At the reception, my body was out of tears so I grabbed a sweet tea and I just wanted to hit the dance floor. I was so lucky to get to dance with one of my other cousins that I do not get to see very often, named Gracie. We had a blast and danced the night away!
But there is another side of this story, or maybe should be described as a different view. You see, my dance partner has a developmental disorder, some people may say Gracie has special needs. So after we danced, twirled and twisted all over the dance floor many people came up to me to tell me how great I had been and thanked me for dancing with her. The more I thought about it, the more befuddled I became. I should not be thanked even though every one meant it harmlessly. They were happy Gracie was happy and wanted to extend thanks. I understand the reasons but I did nothing special. Nothing that anyone else could not do and nothing I needed to be thanked for. By thanking me for accompanying implies that Gracie is burdensome. That could not be farther from the truth!
Prior to the reception I had been worried that I would have no one to dance with. I was the only one in the bridal party not from the brides home town and I did not bring a plus one, prospects seemed lonely. Then my night was completely turned around when Gracie came to my rescue. She exudes joy and energy and even when I did not know the Top 40 song (I live under a rock) she could catch me up on the words and get me back in sync. I may have actually been the burden because I had to stop multiple times for a water break to keep up, I am not as young as I used to be. My night without her would have consisted of me sitting with my parents feeling self conscience and lame (no offense to my parents who I love and are very cool).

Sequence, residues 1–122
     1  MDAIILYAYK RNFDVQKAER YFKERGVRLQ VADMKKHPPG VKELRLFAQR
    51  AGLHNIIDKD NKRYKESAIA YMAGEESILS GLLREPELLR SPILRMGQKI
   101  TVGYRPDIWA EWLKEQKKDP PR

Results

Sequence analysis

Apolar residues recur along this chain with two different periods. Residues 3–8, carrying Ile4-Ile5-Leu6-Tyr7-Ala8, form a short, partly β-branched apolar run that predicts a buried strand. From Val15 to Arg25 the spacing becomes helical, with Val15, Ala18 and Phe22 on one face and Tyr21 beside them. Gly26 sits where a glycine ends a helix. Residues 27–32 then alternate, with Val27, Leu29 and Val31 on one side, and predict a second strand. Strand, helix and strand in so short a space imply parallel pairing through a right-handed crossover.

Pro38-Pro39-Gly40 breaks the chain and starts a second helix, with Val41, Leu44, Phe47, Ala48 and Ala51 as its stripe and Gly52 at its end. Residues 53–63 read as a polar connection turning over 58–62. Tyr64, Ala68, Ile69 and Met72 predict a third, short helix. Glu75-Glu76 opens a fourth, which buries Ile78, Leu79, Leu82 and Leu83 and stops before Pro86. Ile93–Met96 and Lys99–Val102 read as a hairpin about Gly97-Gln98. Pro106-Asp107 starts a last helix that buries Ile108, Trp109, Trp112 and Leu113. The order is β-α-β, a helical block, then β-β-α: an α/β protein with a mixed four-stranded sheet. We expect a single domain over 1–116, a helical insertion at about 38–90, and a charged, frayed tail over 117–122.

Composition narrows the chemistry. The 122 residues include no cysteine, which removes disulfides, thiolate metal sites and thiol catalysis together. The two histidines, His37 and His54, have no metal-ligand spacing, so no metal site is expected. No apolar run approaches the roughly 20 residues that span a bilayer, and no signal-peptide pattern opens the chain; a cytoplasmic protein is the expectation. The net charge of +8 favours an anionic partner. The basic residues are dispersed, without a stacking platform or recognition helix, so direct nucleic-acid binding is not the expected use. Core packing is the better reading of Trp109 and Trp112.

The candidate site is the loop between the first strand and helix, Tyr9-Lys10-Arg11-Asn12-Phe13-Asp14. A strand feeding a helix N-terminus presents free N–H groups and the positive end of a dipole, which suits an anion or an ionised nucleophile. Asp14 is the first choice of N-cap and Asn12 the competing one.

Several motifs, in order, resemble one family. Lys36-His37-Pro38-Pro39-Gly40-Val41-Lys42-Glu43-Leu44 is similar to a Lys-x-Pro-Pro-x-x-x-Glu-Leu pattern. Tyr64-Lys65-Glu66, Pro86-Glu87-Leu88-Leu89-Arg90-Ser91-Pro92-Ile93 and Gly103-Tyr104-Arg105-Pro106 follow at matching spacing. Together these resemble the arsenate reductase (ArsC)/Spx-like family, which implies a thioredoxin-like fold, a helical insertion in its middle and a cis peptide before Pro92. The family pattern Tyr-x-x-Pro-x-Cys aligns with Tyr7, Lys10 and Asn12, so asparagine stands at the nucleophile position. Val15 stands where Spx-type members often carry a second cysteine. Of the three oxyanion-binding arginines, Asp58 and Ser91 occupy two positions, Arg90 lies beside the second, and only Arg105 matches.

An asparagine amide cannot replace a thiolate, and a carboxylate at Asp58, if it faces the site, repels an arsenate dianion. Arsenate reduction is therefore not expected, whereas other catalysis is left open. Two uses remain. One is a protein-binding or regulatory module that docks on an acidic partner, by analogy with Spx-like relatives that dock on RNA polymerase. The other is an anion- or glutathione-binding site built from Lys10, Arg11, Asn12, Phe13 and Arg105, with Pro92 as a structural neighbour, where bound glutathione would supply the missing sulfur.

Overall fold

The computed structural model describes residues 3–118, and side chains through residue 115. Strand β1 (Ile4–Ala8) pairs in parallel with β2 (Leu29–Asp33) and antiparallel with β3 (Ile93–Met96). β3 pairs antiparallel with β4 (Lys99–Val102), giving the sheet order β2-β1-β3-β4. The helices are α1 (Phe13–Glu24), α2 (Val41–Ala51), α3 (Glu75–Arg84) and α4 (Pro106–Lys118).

I want to extend my own Thank You.
Thank you to all those beautiful souls who have a special need. You are much more than your special need. You are joyful, kind, humble and always ready to brighten mine or any strangers day. I want to be more like you.
Especially, Thank You Gracie for making the reception last night so fun and memorable. Thank you for teaching me the words and dance moves to "Cheerleader", I had no idea what I was missing out on! You are fabulous so never be nervous to shine. I can not wait until the next time we get to share a dance.
Wander with whimsy,